The Bible has permanently and irrevocably shaped human culture. Thus, whatever one thinks about the role that the Bible has played and continues to play in human history—and opinions on this are quite varied—the Bible cannot be safely ignored. Understanding the Bible is essential for understanding who we are and how we got here. For Christians, understanding the Bible is also essential for figuring out who God is and who we ought to be.
Unfortunately, biblical illiteracy has become the norm even within the church. All too often, neither the Bible’s opponents nor its defenders seem to have a clue what they are talking about. In this first Biblical Foundations course, we will explore the Bible and develop preliminary understandings of what it looks like and what it says. This will then allow us to explore, in the second course, where the Bible came from and how people read it.
- Know the names of the books of the Bible;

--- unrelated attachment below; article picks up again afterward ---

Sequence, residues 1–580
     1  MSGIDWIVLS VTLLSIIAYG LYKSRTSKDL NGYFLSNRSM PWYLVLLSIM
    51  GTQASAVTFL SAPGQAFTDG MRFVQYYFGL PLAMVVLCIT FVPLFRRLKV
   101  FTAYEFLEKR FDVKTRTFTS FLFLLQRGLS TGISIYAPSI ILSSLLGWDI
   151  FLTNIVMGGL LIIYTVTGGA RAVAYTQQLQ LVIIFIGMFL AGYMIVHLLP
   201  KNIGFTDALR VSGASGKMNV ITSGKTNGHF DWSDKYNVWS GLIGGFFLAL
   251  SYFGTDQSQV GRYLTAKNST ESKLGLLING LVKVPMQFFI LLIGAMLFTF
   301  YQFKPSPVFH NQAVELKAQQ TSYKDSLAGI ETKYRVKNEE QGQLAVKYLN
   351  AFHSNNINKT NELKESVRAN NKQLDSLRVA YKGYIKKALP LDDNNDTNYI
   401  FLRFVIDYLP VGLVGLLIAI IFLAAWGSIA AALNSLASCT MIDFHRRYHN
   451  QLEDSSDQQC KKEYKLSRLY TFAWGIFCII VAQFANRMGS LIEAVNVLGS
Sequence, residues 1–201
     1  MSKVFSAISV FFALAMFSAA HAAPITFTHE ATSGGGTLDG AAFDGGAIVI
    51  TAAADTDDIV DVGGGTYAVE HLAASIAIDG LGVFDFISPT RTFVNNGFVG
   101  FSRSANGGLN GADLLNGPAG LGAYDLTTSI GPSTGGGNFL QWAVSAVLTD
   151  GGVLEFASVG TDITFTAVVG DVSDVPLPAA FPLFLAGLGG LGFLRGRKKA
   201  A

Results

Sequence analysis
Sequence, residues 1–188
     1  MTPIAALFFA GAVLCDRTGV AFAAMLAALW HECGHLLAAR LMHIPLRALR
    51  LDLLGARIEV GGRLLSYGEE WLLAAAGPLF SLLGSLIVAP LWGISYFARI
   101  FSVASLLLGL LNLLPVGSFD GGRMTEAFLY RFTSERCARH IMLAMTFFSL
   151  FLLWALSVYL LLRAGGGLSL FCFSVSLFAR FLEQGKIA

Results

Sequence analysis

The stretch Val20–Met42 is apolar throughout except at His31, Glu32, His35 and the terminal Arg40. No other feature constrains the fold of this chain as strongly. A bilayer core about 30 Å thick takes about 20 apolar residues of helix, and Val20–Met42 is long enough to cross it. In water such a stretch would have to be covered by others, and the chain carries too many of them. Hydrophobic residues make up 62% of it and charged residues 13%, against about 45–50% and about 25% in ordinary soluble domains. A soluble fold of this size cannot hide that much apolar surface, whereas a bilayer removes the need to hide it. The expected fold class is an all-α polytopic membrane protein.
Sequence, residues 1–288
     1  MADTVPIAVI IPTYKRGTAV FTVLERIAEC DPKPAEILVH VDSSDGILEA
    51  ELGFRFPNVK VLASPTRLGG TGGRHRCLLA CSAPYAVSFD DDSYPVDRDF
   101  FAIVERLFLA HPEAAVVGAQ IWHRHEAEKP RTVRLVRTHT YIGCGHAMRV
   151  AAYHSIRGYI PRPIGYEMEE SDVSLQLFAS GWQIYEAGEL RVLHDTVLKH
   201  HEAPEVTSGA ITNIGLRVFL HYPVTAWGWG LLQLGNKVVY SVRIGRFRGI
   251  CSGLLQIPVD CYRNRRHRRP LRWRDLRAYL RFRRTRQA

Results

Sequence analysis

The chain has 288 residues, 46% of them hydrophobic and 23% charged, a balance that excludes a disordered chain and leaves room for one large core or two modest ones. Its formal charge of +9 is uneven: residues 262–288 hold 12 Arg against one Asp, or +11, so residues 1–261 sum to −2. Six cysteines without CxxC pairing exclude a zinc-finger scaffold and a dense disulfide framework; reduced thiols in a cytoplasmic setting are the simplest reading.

- Know the various canonical orderings and their communal significance;
- Know the overall shape of key biblical narratives (i.e. history of Israel; life of Jesus; emergence of early church), including major locations, characters, and events;
- Know the general shape of each biblical book, including overall structure and major themes.
- Become self-aware as a reader of the Bible;
- Assume a receptive and diligent posture towards the Bible;
- Dispense with over-confidence (or lack of confidence) concerning knowledge of the Bible, adopting instead an attitude of life-long learning;
- Confess the ongoing usefulness of both Old and New Testaments as Christian scripture.
- Have the ability to quickly locate specific books in the Bible along with key passages within them;
- Have the ability to answer questions about the content of the Bible, such as might be asked during an ordination exam;
- Have the ability to draw together the entire canon when exploring matters of theological interest.